I am trying to prove the observation that the sequence of triangular numbers are divisible in the repeating pattern of not-divisible, divisible and divisible. I've never done proofs before and I'm also a long-time away from doing any maths. High-school dropout level of maths kind of thing. So I'm not confident about my thinking processes and I would like some help and feedback.

Observed pattern: not divisible, divisible, divisible, not divisible, divisible, divisible, etc
1           = 1   no
1+2         = 3   yes
1+2+3       = 6   yes
1+2+3+4     = 10  no
1+2+3+4+5   = 15  yes
1+2+3+4+5+6 = 21  yes

I reason that a number is divisible by three if it can be written as $3n$, where $n$ is an integer.

Since the triangular numbers, $T_1$, $T_2$ and $T_3$, or

1        = 1
1 2      = 3
1 2 3    = 6 


can be represented as:

$T_1 = 3i + 1$

$T_2 = T_1 + 3i + 2$
$T_2 = 3i + 1 + 3i + 2 = 6i + 3 = 3(2i+1)$

$T_3 = T_1 + T_2 + 3i + 3$
$T_3 = 3i + 1 + 3i + 2 + 3i + 3 = 9i + 6 = 3(3i+2)$

where $i=0$,

I conclude that $T_1$ is not divisible by 3 but that $T_2$ and $T_3$ are because they can be expressed in the form $3n$.

If it is correct to conclude this for $T_1$, $T_2$ and $T_3$, where $i=0$, it would be correct to conclude the same for $T_4$, $T_5$ and $T_6$, where $i=1$, and for $T_7$, $T_8$ and $T_9$, where $i=2$ and so on and so on for all integer values of $i$.

Thus, triangular numbers do repeat the

not divisible
pattern forever because they repeat the

$3i + 1$
$3(2i + 1)$
$3(3i + 3)$

pattern forever for all integers $i$.

Is my reasoning valid? Thanks for your time.

Your proof is specific to $1,2,3$. What you should do is use the fact that $T_k=\frac 12k(k+1)$. Now you can work $\bmod 3$ and just point out that if $k \equiv 1 \pmod 3, T_k \equiv 1 \pmod 3$ as well because $k+1 \equiv 2 \pmod 3$. If $k \equiv 2$ or $3 \pmod 3$, one of the factors is a multiple of $3$ so $T_k$ is.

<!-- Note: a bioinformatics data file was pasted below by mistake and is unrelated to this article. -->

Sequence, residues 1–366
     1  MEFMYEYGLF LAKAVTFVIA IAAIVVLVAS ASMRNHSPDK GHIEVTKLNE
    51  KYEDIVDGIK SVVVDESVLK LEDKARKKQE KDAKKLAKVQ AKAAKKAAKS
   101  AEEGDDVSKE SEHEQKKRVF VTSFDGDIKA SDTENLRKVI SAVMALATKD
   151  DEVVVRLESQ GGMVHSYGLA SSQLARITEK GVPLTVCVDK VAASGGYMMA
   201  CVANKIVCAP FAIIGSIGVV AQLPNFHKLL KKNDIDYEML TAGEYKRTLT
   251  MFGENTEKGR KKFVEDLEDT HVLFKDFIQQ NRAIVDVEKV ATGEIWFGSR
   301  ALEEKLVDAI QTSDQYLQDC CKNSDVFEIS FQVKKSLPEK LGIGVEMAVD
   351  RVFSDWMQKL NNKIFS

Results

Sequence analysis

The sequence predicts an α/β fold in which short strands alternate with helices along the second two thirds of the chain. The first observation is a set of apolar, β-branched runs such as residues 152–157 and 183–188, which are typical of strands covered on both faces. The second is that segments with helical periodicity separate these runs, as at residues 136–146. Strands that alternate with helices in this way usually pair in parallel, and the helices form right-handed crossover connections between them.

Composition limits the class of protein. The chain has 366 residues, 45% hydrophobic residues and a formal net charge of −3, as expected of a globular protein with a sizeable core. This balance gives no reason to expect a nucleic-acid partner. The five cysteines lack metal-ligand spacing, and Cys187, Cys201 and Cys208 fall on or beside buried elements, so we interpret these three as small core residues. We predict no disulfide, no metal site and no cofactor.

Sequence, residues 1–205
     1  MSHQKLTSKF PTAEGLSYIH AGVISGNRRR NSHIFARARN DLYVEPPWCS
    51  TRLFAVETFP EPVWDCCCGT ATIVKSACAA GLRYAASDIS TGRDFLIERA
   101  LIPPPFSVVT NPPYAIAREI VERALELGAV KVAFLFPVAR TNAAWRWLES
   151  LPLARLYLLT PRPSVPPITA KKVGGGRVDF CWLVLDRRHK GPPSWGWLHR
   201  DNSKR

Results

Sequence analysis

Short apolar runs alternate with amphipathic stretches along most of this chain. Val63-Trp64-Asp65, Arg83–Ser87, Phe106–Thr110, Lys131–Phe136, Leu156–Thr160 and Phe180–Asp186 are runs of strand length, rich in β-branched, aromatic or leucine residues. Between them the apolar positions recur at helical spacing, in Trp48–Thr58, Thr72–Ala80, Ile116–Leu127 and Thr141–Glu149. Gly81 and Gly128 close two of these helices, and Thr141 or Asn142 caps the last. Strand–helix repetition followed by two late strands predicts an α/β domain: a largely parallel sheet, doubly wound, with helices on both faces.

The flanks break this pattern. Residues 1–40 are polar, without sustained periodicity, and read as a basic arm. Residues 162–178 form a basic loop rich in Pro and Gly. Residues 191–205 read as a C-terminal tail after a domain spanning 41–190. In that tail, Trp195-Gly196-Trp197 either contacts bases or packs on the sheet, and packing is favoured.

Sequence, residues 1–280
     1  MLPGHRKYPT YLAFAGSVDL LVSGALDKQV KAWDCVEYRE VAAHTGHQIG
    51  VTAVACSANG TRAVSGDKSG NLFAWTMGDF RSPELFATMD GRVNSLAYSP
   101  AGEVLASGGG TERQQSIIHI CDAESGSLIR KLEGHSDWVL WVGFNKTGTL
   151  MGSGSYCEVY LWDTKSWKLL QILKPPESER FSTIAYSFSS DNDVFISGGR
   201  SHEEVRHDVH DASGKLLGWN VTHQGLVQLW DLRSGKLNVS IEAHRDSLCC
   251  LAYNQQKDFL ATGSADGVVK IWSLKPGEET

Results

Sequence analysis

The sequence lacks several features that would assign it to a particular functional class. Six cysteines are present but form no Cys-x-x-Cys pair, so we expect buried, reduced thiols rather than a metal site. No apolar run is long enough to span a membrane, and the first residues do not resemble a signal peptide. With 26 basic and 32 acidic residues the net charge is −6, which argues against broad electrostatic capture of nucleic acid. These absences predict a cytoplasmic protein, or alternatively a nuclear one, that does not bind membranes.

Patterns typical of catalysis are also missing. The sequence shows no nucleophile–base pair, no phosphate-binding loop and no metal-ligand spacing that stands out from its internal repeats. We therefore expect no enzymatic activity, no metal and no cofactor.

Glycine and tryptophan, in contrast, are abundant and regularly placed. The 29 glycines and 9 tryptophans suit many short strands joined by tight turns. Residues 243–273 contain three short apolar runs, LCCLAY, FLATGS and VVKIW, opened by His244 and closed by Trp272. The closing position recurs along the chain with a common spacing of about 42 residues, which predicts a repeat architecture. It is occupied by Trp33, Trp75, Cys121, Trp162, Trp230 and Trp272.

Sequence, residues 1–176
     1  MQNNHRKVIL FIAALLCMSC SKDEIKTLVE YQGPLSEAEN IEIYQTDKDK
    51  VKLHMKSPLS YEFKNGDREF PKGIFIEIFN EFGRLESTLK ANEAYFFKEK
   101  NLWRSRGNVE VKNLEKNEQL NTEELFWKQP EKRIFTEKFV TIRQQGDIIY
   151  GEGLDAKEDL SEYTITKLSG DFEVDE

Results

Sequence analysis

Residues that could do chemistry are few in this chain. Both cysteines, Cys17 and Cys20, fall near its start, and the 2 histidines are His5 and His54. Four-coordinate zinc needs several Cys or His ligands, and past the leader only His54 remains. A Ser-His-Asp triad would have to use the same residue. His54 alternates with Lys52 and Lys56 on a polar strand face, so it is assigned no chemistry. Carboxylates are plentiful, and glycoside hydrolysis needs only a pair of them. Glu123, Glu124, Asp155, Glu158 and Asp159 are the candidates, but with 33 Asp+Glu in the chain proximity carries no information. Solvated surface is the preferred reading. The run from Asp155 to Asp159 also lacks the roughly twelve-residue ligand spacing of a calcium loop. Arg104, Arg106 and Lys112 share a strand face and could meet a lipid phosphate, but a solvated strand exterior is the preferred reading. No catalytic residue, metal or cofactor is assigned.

| cite | improve this answer | |

You have a really good insight there. If you learn about residue classes modulo $3$ some day, you might recognize your approach as a result of repeatedly adding the residue classes $1,$ $2,$ and $3$ (aka the residue class of $0$) to the sum.

The only thing you are missing in the sums is a suitable representation for the sum of all the terms before $3i+1.$. When $i=0$ this is not a problem since there are no previous terms and the sum of no terms is $0.$ But for any larger $i$ you should notice that after you add $3i+1$ you have a sum which is larger than just $3i+1.$

But you have shown that the sum of all the previous terms ($1$ to $3i$) is divisible by $3$, so it is $3k$ for some integer $k$. If you just account for that, and make the induction part of your argument a little more explicit, I think you could have a very nice proof.

The key point is you recognized a useful pattern.

| cite | improve this answer | |
  • $\begingroup$ It will take me some time to work through and understand all the amazing answers. You summarise a gap in the vocabulary of the argument very well when you describe the lack of 'a suitable representation for the sum of all the terms before 3i+1'. I try to articulate an argument based on the n terms of the nth-triangular number but don't manage to tie it together. In fact, I confuse the issue by not carefully defining the difference between an nth triangular number and an nth term. @Izaak, I think, points to this issue with his comment about the confusion of how I have phrased things. $\endgroup$ – WarrenTheRabbit Jul 6 at 17:20

You are quite correct. You can simply summarize it as:

The $n_{th}$ triangular number is defined as $T_n=\dfrac{n(n+1)}{2}$

Now for any number $n$, there can be only three cases, that is, $n\equiv 0\space\text {(mod 3)},\space n\equiv 1\space\text {(mod 3) and } n\equiv 2\space\text{(mod 3)}$

Now in only one of these cases, that is, $n\equiv 1\space\text {(mod 3)}$, we have $T_n\not\equiv 0\space\text{(mod 3)}$

$\therefore$ Every $2$ of $3$ consecutive triangular numbers will be divisible by $3$.

| cite | improve this answer | |

Your proof is not quite correct, or perhaps not complete. Particularly, you need a lot more justification in this step:

If it is correct to conclude this for $T_1$, $T_2$ and $T_3$, where $i=0$, it would be correct to conclude the same for $T_4$, $T_5$ and $T_6$, where $i=1$, and for $T_7$, $T_8$ and $T_9$, where $i=2$ and so on and so on for all integer values of $i$.